On Thursday, 45 eighth-grade students were recognized for their achievements in the Cabrillo Unified School District’s Spanish Immersion Program. Retired kindergarten teacher Joyce Hodge attended the event to congratulate her former students.
“It really was special to see the kids,” she said. “A lot of them came up to me and hugged me. It was hard to recognize them. They’ve grown so much.”
Hodge was the first teacher in the immersion program when it began almost 30 years ago. Since then she’s seen many of her former students continue with their dual language studies through high school and beyond.
Juan Ramon Diaz is one such student. Two years ago, he graduated from Half Moon Bay High School, where he received the California Seal of Biliteracy recognizing a high level of proficiency in reading, speaking and writing more than one language, as well as a scholarship from the Spanish Immersion Parents’ Association. Diaz is now studying at the College of San Mateo with plans to pursue a degree in law. He is interested in possibly becoming a district attorney some day.
He spoke to the graduates who are walking the path he trod not so long ago, sharing how his dual language skills have helped him in college and in making career choices.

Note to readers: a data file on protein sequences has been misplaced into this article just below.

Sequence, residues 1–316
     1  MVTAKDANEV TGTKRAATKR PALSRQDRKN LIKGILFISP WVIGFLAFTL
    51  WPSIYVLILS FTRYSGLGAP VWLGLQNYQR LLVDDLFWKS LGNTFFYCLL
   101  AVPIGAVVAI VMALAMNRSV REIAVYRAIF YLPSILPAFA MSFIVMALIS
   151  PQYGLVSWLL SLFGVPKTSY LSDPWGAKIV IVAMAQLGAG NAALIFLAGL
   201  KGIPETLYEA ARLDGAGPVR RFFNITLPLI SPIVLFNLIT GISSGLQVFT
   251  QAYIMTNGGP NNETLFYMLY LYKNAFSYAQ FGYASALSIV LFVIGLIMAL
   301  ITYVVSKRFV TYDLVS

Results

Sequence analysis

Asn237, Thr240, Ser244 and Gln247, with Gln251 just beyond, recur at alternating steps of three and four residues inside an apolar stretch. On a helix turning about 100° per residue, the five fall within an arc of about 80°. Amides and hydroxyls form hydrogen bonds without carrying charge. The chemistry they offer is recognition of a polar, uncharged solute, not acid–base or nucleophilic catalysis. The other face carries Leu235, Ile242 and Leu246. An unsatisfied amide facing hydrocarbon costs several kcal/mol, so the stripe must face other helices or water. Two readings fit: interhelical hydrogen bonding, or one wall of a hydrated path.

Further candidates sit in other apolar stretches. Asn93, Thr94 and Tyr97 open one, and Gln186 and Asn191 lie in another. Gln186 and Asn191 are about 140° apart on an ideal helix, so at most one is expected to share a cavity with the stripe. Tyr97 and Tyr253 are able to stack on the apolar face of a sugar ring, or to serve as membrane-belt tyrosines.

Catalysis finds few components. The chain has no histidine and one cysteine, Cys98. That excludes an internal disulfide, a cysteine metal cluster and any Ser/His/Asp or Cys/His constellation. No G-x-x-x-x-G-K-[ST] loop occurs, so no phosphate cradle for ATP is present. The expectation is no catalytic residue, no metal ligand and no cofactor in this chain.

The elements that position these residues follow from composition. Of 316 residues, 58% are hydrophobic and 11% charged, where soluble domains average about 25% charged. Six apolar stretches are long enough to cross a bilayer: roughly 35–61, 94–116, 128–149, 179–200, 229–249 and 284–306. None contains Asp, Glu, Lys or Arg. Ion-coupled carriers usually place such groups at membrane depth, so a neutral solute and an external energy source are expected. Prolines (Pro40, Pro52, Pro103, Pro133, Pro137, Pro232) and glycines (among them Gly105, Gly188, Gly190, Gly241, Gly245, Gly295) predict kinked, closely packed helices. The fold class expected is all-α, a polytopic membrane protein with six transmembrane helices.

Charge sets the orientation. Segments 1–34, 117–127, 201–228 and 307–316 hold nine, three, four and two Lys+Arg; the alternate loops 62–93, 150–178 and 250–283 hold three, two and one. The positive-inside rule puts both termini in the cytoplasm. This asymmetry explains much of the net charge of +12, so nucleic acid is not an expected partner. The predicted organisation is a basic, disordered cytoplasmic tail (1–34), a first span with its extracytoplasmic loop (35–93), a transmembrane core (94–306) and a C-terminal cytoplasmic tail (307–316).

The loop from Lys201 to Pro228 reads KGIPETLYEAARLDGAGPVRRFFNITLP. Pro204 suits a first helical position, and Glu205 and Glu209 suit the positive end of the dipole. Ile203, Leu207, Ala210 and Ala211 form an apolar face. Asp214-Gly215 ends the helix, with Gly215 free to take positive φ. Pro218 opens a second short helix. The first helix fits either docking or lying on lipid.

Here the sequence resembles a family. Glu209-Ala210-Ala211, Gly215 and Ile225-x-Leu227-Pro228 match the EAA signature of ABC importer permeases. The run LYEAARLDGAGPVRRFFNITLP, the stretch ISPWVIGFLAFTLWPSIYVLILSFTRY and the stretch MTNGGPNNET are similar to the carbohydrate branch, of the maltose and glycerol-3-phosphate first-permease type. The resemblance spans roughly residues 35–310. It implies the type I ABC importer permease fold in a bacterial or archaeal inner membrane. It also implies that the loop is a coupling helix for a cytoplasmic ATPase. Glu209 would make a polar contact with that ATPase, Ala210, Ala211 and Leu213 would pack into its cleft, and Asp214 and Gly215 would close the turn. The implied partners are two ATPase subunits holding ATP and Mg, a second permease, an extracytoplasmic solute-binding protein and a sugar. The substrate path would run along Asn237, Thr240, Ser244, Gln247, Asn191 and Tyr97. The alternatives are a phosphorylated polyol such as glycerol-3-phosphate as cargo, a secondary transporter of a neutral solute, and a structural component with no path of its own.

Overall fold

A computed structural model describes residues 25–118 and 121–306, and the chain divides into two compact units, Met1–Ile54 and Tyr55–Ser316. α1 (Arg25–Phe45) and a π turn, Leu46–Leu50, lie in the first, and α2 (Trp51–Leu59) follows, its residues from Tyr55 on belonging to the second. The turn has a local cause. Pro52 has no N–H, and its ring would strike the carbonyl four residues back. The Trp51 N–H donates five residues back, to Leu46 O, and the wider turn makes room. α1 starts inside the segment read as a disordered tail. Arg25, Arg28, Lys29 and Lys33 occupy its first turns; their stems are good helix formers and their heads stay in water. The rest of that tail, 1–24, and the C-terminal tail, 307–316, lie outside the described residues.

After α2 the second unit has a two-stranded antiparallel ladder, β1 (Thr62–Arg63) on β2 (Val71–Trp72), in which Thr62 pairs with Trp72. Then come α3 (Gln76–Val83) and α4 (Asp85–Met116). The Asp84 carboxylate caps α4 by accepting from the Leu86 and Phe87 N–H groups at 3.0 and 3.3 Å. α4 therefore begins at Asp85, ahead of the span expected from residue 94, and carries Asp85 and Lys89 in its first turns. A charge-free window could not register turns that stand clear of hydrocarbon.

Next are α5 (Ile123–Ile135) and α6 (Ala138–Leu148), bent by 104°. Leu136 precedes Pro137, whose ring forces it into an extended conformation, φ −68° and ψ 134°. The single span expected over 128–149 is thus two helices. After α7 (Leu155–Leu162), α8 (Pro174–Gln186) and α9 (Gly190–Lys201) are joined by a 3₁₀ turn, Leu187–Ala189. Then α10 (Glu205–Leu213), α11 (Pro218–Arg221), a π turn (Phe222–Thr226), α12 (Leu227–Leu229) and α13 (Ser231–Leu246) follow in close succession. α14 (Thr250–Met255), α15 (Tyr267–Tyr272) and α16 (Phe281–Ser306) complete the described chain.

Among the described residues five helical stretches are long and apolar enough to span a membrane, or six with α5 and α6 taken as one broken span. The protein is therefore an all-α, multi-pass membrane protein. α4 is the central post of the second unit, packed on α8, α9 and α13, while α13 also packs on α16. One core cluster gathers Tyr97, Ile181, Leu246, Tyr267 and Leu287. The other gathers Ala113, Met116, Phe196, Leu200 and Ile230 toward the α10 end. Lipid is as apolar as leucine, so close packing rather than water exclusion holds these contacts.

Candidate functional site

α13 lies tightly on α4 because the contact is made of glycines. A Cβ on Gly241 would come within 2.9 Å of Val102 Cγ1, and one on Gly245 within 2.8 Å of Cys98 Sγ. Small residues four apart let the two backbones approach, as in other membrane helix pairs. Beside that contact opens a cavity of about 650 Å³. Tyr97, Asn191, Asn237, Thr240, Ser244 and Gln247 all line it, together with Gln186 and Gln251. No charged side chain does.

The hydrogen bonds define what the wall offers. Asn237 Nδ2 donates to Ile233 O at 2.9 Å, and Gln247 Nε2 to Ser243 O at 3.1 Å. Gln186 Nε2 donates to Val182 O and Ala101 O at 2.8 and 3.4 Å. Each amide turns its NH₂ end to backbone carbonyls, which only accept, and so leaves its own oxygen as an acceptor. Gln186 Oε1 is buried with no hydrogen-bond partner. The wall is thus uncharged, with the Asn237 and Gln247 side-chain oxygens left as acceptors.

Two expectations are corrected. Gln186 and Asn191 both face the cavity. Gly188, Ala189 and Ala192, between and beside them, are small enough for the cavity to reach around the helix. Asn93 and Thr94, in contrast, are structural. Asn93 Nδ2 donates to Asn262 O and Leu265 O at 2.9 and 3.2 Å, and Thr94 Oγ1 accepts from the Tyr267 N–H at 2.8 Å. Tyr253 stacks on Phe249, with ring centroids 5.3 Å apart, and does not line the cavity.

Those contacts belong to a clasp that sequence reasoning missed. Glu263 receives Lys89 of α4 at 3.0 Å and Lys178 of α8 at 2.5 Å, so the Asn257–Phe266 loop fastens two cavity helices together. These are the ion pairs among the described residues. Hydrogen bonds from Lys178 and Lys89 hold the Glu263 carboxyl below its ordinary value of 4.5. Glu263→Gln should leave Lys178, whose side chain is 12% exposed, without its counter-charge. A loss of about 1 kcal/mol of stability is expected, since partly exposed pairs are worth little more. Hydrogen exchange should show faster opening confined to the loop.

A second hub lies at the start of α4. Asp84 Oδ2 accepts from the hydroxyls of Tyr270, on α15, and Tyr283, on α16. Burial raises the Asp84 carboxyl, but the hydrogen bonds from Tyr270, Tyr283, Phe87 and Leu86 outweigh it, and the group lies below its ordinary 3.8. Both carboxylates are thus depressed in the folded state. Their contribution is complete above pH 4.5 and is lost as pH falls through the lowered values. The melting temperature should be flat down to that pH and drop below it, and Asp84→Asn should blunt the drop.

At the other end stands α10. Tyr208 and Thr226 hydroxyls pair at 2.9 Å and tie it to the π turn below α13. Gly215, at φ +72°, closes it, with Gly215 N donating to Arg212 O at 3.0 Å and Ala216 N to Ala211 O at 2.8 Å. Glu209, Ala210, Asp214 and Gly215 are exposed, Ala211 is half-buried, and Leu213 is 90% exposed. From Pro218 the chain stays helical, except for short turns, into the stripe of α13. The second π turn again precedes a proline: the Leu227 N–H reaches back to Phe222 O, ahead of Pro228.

The CUSD program is known as two-way Spanish-English immersion. Half of the new kindergarten students come from English-speaking homes and half come from homes where Spanish is spoken.
Diaz was one of the native Spanish speakers in the program. He said that the Spanish spoken in his home was more of a dialect, not the professional Spanish he would need in a career. Being in the immersion program gave him a professional proficiency of his own native language. He also gained strong language skills in English, which he feels would have been more difficult in an English-only program.
“Having a teacher that speaks Spanish, you gain a connection that you wouldn’t with a teacher who only speaks English,” he said.
Previously, immersion students at Cunha were only together for one class during zero period, before the regular school day began. Three years ago, the school incorporated immersion into the two-period language arts class. The immersion kids are now together for two periods during which they study the same material covered in English language arts but in both languages. The graduating eighth-graders are the first group to benefit from the program change.
This is the first time eighth-grade immersion students have been officially recognized for their achievements.
“This was the first time, but I think it is going to become the norm,” said Hodge. “I think (the immersion program) is a little gem in our school district. I feel blessed to have been a part of such a great program. It was my life for many years.”